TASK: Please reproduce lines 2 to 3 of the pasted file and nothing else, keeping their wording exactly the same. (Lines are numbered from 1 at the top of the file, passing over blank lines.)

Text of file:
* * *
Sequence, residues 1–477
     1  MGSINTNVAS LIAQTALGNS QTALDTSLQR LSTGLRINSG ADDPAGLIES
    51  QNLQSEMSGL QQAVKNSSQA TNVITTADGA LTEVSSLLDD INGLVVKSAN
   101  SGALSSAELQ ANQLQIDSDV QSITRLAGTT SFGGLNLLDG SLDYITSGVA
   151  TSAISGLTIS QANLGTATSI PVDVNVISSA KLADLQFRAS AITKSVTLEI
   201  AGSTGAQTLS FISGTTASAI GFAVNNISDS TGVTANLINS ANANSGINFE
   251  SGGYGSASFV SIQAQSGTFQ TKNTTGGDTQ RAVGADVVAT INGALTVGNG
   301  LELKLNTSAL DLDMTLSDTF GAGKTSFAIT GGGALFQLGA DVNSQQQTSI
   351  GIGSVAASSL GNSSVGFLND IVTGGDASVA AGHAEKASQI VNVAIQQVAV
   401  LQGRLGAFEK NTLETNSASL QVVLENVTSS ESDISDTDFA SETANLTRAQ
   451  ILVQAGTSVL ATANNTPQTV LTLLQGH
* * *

     1  MGSINTNVAS LIAQTALGNS QTALDTSLQR LSTGLRINSG ADDPAGLIES
    51  QNLQSEMSGL QQAVKNSSQA TNVITTADGA LTEVSSLLDD INGLVVKSAN